In August 1931, the Nalpas film studio ran an advertisement for exhibitors in Ciné-Journal, a French weekly magazine that covered the film business rather than film aesthetics. “Have you found enough silent films for your entire season?” If the answer was “yes,” then the ad assured you, “You’re an ace” (Vous êtes un as). But if it was “no,” then you had a decision to make. It was time to consider installing sound equipment in your cinema, and then ordering new talking films from Nalpas for an immediate guarantee of the highest possible receipts.
This might seem a little late in the transition to sound for exhibitors to be considering whether they should switch to the new technology. But while popular historiography emphasizes the speed of sound and the rapidity of the cinema’s transition following the production of The Jazz Singer in 1927, the actual pace of the adoption of sound was much more deliberate, and more so in France than in most other countries. In fact, according to another journal, the Livre d’or du cinéma from June 1932, by that time not quite 1,500 of the 3,300 cinemas in France had converted to sound equipment. Great Britain, on the other hand, already had wired more than 80% of its cinemas and Germany about half. Even in 1937, a government report on the state of French cinema could lament that, out of 4,000 cinemas in the country, there were still 500 that were unequipped to show sounds films
Of course, most of those were in the provinces. I’ve written before, though, of the time it took for Parisian cinemas to convert (see my post from April 7th, 2017). In early-1931, of the 175 or so cinemas in Paris, around sixty had yet to be wired for sound. By the end of that year, that number had gone down to about forty. During this period, there continued to be some handwringing in the press about the decline of silent cinema and the rise of the “filmed theatre” of sound film, and even some discussion about the legal status of talking films in relation to the theatre (see my post from January 6th, 2019). For the most part, however, the discourse was positive and determinedly modernist; the new technology was the sign of the full evolution of cinema, and anyone who failed to acknowledge that would be left behind. The Nalpas advertisement in Ciné-Journal, which seemed to be asking recalcitrant exhibitors “what are you waiting for?” summed up the attitude, at least, of most of the film industry trade journals.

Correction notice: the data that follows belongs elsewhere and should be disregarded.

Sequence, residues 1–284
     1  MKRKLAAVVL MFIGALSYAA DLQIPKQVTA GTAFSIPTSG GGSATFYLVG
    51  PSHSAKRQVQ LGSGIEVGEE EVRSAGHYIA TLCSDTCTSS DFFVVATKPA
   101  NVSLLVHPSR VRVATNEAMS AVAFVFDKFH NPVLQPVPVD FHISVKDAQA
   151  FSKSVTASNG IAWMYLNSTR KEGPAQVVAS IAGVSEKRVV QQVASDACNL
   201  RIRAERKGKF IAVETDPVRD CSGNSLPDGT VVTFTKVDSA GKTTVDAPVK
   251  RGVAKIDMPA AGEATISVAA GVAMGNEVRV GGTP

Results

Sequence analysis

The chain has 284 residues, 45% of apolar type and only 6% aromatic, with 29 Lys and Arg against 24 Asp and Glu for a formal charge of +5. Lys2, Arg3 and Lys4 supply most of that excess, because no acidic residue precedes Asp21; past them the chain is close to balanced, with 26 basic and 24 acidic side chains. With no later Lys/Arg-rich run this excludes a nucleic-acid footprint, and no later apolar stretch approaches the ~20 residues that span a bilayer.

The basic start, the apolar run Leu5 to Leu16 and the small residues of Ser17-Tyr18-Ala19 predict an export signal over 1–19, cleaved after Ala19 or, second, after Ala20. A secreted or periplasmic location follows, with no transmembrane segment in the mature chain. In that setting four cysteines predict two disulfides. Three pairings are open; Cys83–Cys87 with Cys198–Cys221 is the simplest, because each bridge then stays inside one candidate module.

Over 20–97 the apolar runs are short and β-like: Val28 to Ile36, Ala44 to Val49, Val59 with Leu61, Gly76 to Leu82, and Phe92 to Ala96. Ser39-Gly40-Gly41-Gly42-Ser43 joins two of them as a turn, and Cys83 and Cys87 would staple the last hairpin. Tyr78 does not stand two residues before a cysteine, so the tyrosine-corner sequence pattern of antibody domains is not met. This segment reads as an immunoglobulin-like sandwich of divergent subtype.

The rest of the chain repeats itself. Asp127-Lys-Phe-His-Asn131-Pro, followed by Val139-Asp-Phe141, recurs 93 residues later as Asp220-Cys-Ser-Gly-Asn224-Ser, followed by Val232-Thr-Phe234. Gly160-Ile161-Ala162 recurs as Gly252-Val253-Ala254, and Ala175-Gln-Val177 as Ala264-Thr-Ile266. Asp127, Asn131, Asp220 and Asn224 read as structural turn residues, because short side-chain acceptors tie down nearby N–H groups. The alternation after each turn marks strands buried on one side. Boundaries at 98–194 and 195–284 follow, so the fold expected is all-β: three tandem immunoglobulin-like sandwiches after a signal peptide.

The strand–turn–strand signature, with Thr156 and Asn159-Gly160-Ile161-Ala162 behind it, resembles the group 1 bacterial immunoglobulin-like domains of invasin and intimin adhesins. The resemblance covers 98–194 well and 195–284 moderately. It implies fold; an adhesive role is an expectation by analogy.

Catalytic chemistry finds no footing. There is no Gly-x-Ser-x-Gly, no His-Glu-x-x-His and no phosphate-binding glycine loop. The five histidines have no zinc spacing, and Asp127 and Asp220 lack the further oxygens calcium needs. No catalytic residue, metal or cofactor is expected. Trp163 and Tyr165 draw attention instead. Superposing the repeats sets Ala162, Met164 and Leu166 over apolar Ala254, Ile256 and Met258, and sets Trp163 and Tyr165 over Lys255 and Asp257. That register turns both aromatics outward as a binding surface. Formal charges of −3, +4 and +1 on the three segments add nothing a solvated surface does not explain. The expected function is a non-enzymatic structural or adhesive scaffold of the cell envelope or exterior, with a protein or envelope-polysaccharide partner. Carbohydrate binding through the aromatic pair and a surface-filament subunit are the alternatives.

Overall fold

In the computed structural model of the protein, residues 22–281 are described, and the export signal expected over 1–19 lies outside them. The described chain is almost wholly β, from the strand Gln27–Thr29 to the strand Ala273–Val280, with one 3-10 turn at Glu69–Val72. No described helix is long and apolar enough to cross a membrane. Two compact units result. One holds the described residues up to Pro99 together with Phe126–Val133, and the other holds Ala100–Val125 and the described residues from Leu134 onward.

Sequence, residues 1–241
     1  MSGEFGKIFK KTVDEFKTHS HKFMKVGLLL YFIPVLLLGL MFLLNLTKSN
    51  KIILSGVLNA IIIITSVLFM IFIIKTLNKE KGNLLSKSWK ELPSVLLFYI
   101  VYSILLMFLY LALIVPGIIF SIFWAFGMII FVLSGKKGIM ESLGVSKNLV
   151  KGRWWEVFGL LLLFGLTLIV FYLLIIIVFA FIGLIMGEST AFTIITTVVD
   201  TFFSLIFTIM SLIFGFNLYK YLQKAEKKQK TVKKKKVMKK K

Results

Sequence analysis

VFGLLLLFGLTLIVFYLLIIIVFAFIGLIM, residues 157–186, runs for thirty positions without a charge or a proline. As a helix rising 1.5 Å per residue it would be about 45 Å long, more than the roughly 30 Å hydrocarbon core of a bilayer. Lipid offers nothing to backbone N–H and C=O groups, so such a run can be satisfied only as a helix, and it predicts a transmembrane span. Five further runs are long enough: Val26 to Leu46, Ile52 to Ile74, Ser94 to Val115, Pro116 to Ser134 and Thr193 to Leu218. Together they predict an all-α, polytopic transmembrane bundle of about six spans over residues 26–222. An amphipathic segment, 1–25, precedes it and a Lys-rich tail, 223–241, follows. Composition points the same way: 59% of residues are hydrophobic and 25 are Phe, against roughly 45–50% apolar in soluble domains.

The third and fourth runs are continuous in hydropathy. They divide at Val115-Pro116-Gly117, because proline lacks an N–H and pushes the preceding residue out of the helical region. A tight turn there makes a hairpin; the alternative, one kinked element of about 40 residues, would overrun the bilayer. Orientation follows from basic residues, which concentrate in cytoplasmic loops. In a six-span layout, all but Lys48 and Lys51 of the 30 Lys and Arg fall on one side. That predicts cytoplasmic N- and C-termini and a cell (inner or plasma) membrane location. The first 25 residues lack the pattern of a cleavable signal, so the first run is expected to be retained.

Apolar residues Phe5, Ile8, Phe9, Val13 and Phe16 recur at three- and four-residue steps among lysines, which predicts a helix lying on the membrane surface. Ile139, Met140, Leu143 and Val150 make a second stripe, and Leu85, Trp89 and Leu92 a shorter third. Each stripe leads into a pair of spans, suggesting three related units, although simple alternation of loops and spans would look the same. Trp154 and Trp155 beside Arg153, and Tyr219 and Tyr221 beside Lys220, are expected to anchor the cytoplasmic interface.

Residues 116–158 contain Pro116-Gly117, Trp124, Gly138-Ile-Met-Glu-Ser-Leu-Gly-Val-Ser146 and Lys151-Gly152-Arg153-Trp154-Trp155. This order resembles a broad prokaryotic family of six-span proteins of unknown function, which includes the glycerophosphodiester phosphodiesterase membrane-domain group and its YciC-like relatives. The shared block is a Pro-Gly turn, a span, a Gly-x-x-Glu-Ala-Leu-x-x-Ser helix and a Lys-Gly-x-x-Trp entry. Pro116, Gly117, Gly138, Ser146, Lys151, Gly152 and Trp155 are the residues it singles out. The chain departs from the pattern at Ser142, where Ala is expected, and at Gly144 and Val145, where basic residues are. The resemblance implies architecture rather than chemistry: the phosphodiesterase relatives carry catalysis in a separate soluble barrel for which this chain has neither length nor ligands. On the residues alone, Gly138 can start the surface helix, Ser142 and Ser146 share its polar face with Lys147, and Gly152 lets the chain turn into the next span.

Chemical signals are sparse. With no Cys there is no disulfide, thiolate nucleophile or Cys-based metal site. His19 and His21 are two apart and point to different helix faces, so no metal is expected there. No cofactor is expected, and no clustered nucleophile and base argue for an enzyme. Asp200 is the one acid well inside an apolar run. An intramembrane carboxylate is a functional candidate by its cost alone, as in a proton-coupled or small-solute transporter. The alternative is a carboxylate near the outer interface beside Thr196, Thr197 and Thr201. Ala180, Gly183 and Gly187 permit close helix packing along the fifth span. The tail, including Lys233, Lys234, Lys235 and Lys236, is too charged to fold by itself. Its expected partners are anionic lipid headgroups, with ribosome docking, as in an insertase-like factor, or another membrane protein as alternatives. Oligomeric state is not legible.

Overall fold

Nevertheless, in the very-early 1930s, cinemas in Paris, as well as throughout France, required silent films. To fill that demand, and in the same issue of Ciné-Journal, no less an industrial powerhouse that Gaumont-Franco-Film-Aubert, the fully integrated French film corporation, ran its own advertisement. “For those cinemas not yet equipped with sound,” Gaumont had put together almost sixty silent films, “a selection of the best.” These were, of course, practically all Gaumont films, with the exception of some foreign movies that Gaumont must have had the rights to distribute. There were some older films on the list, for instance L’Atlantide (1921), which always seemed to be playing in Paris, anyway, probably because of the reputation of its director, Jacques Feyder. The most well-known of all of the films on the list was G.W. Pabst’s Loulou (1929), known in the United States as Pandora’s Box and starring Louise Brooks. Similarly, most of the other films were from the last years of silent film production, up to and including Le Collier de la reine (1929), the first French film to have a recorded soundtrack but one that didn’t have any dialogue. To give exhibitors options to put on full programs of silent films, features as well as other attractions, Gaumont offered silent shorts by both Lupino Lane and Lloyd Hamilton, two comic actors who often produced their own movies in the United States and had probably sold French distribution rights to Gaumont.